Maria Bradley
JULY 1969

One small school is gathered for assembly
in the sun-freckled shade of the chestnut tree.
Sister Bernadette, haloed by the sun
like a statue of the Virgin, says Class One,
just like the men who have walked on the moon,
will take their own small steps soon.
They will not return to skewer conkers
from St Joseph’s tree, but, come September,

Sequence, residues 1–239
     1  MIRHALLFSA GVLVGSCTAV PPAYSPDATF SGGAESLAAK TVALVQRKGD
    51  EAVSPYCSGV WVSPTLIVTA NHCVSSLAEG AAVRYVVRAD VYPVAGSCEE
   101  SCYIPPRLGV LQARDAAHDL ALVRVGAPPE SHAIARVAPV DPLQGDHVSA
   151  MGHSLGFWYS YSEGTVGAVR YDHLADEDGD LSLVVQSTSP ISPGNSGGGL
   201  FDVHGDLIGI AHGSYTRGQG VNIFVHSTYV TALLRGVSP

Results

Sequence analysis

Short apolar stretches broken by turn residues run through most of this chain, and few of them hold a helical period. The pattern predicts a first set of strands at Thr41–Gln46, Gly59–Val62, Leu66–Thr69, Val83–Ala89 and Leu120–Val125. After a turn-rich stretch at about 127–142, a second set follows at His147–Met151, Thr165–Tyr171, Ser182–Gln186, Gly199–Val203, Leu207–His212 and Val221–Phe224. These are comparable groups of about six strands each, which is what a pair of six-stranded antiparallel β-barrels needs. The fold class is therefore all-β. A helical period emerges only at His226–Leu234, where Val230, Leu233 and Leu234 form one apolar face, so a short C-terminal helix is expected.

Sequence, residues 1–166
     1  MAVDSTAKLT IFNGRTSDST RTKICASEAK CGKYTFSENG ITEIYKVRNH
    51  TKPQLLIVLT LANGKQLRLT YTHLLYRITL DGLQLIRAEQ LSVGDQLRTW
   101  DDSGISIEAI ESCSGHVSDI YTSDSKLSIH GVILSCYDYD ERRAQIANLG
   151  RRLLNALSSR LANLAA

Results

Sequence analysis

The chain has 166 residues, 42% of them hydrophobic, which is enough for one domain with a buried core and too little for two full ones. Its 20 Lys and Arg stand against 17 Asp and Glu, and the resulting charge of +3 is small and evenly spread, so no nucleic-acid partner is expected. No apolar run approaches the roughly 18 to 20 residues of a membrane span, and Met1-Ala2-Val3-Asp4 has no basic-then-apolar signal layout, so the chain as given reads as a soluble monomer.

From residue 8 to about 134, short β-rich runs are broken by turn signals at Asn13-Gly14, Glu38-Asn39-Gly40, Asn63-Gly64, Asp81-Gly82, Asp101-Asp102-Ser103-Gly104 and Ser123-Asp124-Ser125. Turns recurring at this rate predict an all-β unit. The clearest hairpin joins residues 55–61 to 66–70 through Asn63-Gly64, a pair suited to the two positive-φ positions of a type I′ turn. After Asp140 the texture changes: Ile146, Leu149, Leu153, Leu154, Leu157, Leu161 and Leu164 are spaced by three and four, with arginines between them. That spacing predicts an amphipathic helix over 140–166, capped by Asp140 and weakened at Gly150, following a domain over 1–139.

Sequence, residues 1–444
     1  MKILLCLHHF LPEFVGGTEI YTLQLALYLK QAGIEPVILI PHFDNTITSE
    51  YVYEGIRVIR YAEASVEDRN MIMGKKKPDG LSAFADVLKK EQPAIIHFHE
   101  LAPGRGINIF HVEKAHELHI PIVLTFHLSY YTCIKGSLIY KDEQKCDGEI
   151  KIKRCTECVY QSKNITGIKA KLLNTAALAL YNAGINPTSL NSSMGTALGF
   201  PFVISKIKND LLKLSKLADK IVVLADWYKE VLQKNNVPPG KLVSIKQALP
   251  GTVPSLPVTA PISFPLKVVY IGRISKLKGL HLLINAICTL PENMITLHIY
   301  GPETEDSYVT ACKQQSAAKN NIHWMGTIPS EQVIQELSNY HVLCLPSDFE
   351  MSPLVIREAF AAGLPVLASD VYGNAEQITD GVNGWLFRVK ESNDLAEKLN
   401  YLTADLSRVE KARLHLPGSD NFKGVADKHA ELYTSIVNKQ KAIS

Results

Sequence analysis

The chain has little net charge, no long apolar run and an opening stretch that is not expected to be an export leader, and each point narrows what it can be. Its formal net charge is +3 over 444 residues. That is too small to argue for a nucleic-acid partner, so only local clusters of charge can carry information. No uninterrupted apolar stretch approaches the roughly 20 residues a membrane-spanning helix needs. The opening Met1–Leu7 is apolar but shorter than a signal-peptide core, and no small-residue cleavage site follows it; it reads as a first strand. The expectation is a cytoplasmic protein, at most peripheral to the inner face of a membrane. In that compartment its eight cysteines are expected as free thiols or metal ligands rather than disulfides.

step up to St Andrew’s or the grammar.
Except Michael Sullivan who will never
grow into his too-big blazer, unworn
in an unopened wardrobe. Picture his step
from behind the ice-cream van, like the boy
in the road safety poster; frozen, poised

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